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ETHIOPIA: Homeless and abandoned youth have chance at a better life thanks to Bosco Children Project

(MissionNewswire) With the school year beginning in countries across the world, many youth continue to struggle to gain an education due to poverty and a lack of opportunity. Thanks to a partnership between the Don Bosco International Volunteers for Development (VIS) and the United Nations Office on Drugs and Crime (UNODC), youth in Addis Ababa, Ethiopia have access to education and a chance for a better life.

Determined to address one of Ethiopia’s most pressing socioeconomic challenges—the burgeoning number of abandoned, runaway and otherwise at-risk children fending for themselves in the city—Don Bosco VIS and UNODC launched the “Rehabilitation and Reintegration Services for Children in Conflict with the Law” initiative in November 2015.

As a result of this initiative, 100 youth now live at the Bosco Children Project home in the compassionate care of Salesian missionaries. The Bosco Children Project provides support and educational services in addition to an outreach orientation center and a hostel for youth, mostly boys, who are orphaned or live on the street.

At the home, youth receive shelter, meals, warm clothing, psychosocial counseling and access to basic education and literacy classes. Once ready, they participate in a skills training orientation where they experience a variety of vocational courses in automotive, carpentry, culinary arts and more.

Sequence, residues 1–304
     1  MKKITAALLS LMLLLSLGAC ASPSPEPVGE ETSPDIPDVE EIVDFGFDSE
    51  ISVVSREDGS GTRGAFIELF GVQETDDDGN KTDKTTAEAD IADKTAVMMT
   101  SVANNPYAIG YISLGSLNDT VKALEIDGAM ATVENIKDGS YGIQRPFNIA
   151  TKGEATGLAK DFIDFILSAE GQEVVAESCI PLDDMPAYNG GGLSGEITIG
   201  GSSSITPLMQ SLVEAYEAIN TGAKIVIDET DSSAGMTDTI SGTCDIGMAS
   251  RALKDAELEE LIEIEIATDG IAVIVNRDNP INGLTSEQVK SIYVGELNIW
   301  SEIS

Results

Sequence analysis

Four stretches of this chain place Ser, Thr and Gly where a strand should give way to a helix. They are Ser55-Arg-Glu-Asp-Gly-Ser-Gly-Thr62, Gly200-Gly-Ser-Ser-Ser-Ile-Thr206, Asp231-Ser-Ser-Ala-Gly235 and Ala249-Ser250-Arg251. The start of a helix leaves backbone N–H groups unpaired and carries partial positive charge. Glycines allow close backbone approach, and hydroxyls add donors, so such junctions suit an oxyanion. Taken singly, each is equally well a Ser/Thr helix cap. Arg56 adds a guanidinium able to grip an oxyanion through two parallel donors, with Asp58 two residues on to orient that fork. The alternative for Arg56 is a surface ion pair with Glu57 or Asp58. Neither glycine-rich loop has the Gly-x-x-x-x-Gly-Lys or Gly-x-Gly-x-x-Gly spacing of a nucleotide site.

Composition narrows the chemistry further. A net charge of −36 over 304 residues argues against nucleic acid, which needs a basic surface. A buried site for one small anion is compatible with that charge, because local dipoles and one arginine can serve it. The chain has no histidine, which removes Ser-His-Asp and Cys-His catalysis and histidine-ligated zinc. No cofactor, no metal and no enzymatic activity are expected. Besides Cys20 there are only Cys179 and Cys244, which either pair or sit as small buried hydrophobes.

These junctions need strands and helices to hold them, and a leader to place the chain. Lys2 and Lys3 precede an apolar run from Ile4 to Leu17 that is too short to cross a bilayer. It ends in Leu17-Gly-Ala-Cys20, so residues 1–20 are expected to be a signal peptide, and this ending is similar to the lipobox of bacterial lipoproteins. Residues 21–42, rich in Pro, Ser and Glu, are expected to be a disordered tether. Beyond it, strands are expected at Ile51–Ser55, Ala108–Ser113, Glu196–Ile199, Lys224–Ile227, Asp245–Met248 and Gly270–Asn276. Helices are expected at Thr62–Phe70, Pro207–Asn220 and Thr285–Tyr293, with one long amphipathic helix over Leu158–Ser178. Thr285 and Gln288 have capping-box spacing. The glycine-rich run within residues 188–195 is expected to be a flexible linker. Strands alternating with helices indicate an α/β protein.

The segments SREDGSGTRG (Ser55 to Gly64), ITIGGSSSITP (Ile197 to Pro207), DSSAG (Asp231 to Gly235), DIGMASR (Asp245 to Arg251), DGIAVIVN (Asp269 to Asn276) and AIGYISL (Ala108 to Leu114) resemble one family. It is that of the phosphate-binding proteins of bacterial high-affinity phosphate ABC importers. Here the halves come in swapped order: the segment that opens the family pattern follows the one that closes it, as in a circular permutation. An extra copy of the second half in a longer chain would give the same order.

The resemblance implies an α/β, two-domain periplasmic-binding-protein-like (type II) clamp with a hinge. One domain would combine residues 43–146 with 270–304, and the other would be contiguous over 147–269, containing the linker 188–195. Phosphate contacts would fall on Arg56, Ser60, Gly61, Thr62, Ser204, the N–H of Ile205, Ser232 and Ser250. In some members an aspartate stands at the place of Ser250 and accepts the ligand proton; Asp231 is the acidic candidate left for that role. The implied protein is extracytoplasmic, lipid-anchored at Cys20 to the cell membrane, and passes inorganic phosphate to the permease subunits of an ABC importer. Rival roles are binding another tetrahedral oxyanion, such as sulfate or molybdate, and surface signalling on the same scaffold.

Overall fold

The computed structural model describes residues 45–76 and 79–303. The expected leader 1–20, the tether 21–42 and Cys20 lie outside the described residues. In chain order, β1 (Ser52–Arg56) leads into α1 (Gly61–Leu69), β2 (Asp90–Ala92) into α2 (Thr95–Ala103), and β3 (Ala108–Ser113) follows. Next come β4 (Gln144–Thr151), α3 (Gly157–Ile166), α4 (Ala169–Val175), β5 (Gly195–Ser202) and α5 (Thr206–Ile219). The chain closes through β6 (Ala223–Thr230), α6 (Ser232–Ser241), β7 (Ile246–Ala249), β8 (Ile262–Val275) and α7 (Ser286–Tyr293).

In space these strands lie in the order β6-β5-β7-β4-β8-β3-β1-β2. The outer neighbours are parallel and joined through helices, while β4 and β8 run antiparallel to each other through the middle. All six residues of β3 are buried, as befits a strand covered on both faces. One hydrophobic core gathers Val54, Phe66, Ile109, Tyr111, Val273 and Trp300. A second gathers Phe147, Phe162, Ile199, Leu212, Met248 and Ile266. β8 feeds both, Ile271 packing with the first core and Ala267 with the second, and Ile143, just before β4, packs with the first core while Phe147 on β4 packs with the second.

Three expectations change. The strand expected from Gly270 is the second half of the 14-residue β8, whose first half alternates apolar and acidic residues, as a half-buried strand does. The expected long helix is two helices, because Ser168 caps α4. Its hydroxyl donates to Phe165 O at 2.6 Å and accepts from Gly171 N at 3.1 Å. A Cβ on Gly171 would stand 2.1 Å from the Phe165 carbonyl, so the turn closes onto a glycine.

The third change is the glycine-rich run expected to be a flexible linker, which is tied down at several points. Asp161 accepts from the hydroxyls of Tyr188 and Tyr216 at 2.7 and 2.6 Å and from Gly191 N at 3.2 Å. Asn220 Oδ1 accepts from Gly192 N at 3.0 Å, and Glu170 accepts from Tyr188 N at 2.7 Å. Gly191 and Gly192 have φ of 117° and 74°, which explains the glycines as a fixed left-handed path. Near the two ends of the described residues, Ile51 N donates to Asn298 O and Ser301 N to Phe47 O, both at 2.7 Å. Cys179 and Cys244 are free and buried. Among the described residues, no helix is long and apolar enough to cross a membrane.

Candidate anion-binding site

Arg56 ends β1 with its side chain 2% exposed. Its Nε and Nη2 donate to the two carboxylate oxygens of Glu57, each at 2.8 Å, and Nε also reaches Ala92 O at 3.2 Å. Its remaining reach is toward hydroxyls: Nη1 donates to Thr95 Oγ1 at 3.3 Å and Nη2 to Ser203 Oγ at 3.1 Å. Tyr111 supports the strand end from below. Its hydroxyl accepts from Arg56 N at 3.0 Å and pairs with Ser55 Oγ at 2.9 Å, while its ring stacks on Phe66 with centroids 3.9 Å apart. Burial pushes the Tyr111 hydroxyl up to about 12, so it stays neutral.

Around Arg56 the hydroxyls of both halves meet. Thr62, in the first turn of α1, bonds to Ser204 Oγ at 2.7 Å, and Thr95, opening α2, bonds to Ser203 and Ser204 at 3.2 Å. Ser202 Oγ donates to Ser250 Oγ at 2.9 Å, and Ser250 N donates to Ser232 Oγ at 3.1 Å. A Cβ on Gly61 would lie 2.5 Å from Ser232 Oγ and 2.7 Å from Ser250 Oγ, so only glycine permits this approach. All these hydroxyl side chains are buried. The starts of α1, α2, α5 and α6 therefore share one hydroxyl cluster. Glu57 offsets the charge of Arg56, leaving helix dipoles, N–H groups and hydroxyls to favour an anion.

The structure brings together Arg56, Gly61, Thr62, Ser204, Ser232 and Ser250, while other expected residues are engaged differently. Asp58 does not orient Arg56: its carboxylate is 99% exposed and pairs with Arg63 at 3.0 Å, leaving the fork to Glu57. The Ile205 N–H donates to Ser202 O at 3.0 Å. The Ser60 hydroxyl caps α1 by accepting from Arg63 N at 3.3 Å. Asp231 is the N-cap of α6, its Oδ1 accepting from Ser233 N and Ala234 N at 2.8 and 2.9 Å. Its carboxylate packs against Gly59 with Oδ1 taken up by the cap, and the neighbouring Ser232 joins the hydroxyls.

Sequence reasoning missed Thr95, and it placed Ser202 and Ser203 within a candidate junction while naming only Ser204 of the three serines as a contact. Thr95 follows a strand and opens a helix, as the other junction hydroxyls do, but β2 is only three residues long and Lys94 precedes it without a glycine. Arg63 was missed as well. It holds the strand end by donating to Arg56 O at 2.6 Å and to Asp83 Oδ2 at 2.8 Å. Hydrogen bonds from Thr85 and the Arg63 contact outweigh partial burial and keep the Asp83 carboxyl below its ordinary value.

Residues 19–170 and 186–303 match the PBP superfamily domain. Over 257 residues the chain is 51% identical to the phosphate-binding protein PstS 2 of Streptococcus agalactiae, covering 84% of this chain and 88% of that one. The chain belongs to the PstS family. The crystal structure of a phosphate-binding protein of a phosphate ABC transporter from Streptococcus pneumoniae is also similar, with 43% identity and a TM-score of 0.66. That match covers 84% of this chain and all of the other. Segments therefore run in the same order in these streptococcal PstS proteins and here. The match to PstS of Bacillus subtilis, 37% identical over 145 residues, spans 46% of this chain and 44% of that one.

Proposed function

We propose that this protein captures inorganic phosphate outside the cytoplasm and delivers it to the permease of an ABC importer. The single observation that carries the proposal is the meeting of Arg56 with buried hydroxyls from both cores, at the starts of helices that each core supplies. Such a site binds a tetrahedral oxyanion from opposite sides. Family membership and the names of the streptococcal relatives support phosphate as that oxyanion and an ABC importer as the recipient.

“In Addis Ababa alone, there are as many as 100,000 children who desperately need assistance in getting off the streets and turning their lives around,” explains Father Mark Hyde, director of Salesian Missions, the U.S. development arm of the Salesians of Don Bosco. “Because the Bosco Children Project provides the only shelter and rehabilitation center in Addis Ababa, it’s difficult to adequately address the crisis. This innovative partnership is providing crucial resources—food, educational materials and additional staff—so that we may help as many homeless youth as possible.”

Workeneh Alemu is one of the youth participating in the program. He comes from a poor family in a small village but decide to leave his home and venture to Addis Ababa in search of fortune. He explains that the trip was difficult and he did not find what he was searching for in the city but he didn’t want to return home and disappoint his family. Then he found the Bosco Children Project. Alemu was able to resume his studies and is now enrolled at the Don Bosco School in Mekanissa, Addis Ababa.

“I heard about the Bosco Children Project from the center staff who’d meet with street children,” says Alemu. “I liked the idea and decided to follow their proposal. I participated in 16 evening meetings that prepared me for their Come and See program. I followed the program and was happy to have closed a hard chapter in my life.”

Ethiopia is one of the poorest countries in the world with more than 38 percent of its population living in poverty, according to Feed the Future. Close to 85 percent of the country’s workforce is employed in agriculture but frequent droughts severely affect the agricultural economy leaving more than 12 million people chronically, or at least periodically, food insecure. In addition, more than two-thirds of the population is illiterate.

The country has 4 million orphans which account for nearly 12 percent of all children, and according to UNICEF, more than half a million of these were orphaned as a result of the HIV/AIDS crisis that has affected the country. Thousands more children run away each year seeking a better life on the streets.



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